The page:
First 4,400 Volt buyers to get free chargers

The trade-off for a 240-volt, fast-charging station is participation in a government-run usage study.

The Volt can charge from a typical 120-volt home outlet or a 240-volt, fast-charging station. General Motors

General Motors will offer the first 4,400 buyers of its Chevrolet Volt the option of having a 240-volt charging station installed in their home when the car is released this fall, the company said Thursday.

The Volt is General Motors' upcoming plug-in electric car that promises a range of 40 miles on electricity alone before one is forced to switch to gas for fuel. GM refers to it as an extended-range electric vehicle, or EREV , instead of a hybrid because the gas engine generator is not directly tied to the car's transmission.

The 240-volt charging stations will be free to Volt buyers; the cost will be covered by a grant from the Department of Energy under the Transportation Electrification Initiative funds inside the American Recovery and Reinvestment Act.

In addition, Ecotality or Coulomb Technologies will install the station themselves. With the backing of a federal program and installation from the supplier directly, it may be less of a headache to get local inspectors to understand and sign off on the installation of a 240-volt charging station in a residential garage.

However, the charging station doesn't come without a price. There is a privacy trade-off.

As part of the deal, the Department of Energy will be granted access to monitor the charging stations' use. This is part of a 15,000-car study to determine the habits of electric car owners and how electric cars and high-voltage home-charging stations adopted on a large scale might affect the electrical grid. The data will be used for electrical infrastructure planning, according to General Motors.

Should one fail to buy one of the first 4,400 Volts--or choose not to buy a Volt at all--there are two other options to get a grant-covered, fast-charging station. Ecotality and Coulomb both have charging-station installation programs backed by Department of Energy grants.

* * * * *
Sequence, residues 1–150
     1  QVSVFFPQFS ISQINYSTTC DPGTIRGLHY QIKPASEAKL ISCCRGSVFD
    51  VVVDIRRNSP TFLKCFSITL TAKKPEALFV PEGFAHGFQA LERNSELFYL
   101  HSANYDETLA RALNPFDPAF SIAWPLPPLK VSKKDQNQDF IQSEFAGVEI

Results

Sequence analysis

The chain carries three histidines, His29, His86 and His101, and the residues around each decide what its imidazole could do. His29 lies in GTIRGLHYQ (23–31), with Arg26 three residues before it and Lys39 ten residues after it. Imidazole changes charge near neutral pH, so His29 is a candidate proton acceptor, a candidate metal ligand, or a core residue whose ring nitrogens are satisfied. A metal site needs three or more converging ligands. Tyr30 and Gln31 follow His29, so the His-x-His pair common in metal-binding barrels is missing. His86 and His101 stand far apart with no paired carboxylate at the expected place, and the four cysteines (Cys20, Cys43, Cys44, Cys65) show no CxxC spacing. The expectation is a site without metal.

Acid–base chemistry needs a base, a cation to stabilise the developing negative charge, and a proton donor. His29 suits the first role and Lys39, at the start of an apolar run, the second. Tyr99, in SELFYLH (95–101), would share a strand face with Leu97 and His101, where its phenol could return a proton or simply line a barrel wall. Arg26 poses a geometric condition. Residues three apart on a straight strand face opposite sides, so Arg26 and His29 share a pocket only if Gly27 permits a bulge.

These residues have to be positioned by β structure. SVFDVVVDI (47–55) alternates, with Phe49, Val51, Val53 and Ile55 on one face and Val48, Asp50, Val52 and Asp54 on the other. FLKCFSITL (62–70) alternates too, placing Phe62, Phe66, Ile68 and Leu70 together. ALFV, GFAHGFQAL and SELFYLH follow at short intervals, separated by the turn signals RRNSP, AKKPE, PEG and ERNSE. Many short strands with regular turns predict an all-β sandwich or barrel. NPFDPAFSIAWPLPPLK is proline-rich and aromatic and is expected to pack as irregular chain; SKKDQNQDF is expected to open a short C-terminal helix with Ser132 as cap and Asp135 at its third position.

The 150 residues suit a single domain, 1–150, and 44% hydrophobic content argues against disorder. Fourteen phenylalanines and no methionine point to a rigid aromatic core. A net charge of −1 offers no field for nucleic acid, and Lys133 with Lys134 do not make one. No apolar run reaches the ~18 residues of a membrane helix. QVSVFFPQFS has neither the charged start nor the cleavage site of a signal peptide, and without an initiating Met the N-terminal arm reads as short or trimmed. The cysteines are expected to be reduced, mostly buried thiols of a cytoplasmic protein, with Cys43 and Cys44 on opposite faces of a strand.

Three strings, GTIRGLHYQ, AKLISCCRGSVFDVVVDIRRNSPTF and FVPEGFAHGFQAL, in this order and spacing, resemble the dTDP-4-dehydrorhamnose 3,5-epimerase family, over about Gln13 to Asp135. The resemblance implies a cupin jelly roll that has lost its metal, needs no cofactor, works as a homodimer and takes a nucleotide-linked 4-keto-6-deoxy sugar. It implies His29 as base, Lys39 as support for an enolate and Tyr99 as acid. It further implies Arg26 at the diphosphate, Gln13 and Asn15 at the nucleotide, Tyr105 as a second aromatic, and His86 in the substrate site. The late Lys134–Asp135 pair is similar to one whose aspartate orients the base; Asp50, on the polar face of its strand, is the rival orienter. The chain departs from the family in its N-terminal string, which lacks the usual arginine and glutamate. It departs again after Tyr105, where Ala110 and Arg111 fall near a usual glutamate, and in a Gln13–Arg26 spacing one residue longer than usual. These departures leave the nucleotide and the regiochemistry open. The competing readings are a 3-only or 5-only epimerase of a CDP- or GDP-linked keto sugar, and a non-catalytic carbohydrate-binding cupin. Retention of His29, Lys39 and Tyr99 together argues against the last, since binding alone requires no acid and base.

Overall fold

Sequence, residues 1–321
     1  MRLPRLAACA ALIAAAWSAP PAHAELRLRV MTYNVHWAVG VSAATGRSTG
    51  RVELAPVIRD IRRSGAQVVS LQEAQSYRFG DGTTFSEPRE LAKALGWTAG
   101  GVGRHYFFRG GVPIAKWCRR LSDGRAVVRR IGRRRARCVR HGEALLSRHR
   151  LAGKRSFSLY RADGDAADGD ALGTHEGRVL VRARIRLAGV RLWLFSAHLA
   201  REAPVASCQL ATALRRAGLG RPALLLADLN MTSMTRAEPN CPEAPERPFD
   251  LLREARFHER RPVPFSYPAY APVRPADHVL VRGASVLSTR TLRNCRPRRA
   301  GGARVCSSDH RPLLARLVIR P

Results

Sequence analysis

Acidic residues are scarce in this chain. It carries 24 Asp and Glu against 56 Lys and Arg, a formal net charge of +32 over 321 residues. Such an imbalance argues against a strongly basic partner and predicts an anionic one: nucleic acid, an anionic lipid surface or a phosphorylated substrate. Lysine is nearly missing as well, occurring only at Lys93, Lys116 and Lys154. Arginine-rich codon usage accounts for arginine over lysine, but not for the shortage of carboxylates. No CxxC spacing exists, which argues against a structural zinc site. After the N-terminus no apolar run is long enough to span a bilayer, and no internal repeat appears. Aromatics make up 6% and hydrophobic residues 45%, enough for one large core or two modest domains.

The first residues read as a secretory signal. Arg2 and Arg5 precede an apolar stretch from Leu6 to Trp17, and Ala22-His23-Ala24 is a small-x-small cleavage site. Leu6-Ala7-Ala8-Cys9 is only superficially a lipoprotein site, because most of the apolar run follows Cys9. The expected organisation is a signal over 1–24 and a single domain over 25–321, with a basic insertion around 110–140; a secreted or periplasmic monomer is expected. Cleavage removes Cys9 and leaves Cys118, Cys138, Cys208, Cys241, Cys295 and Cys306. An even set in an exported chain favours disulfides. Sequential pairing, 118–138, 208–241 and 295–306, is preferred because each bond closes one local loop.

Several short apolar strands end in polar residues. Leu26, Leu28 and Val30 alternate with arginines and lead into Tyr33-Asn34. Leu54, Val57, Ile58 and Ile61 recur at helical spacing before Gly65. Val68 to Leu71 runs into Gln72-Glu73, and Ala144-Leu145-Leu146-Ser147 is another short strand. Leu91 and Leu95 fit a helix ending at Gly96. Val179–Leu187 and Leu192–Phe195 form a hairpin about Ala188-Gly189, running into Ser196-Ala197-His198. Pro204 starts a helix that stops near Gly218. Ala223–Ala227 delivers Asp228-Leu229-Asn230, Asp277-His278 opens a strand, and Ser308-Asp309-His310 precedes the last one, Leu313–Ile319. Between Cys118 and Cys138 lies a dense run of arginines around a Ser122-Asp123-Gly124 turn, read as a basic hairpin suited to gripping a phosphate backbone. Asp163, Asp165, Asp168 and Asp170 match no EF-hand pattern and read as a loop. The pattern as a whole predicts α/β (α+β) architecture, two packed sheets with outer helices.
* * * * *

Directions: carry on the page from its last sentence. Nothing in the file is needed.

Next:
Ecotality is sponsoring the EV Project for 2,600 drivers in conjunction with the release of the Nissan Leaf. Ecotality has repeatedly said its stations are built to Society of Automotive Engineers standards for plug-in electric cars and will accommodate any electric cars built to that standard.

Coulomb is sponsoring the ChargePoint America program under which it plans to install 4,600 fast-charging stations for electric vehicles across the U.S. While most will be installed in public places like parking lots and retailers, about 2,000 will be offered for residential homes. Department of Energy grants make up $15 million of the program's total funding.

Of course, it's not required to have a 240-volt charging station in order to charge a Volt. While that is the fastest means of recharging, the Volt will come with an electrical cord that can be plugged into any 120-volt household outlet. However, this means the car will take more than twice as long to charge.

The Volt takes about 4 hours to fully recharge from a 240-volt charging station and 10 hours to fully recharge its battery from a 120-volt outlet, according to GM.

About the author

In a software-driven world, it's easy to forget about the nuts and bolts. Whether it's cars, robots, personal gadgetry or industrial machines, Candace Lombardi examines the moving parts that keep our world rotating. A journalist who divides her time between the United States and the United Kingdom, Lombardi has written about technology for the sites of The New York Times, CNET, USA Today, MSN, ZDNet, Silicon.com, and GameSpot. She is a member of the CNET Blog Network and is not a current employee of CNET.

 

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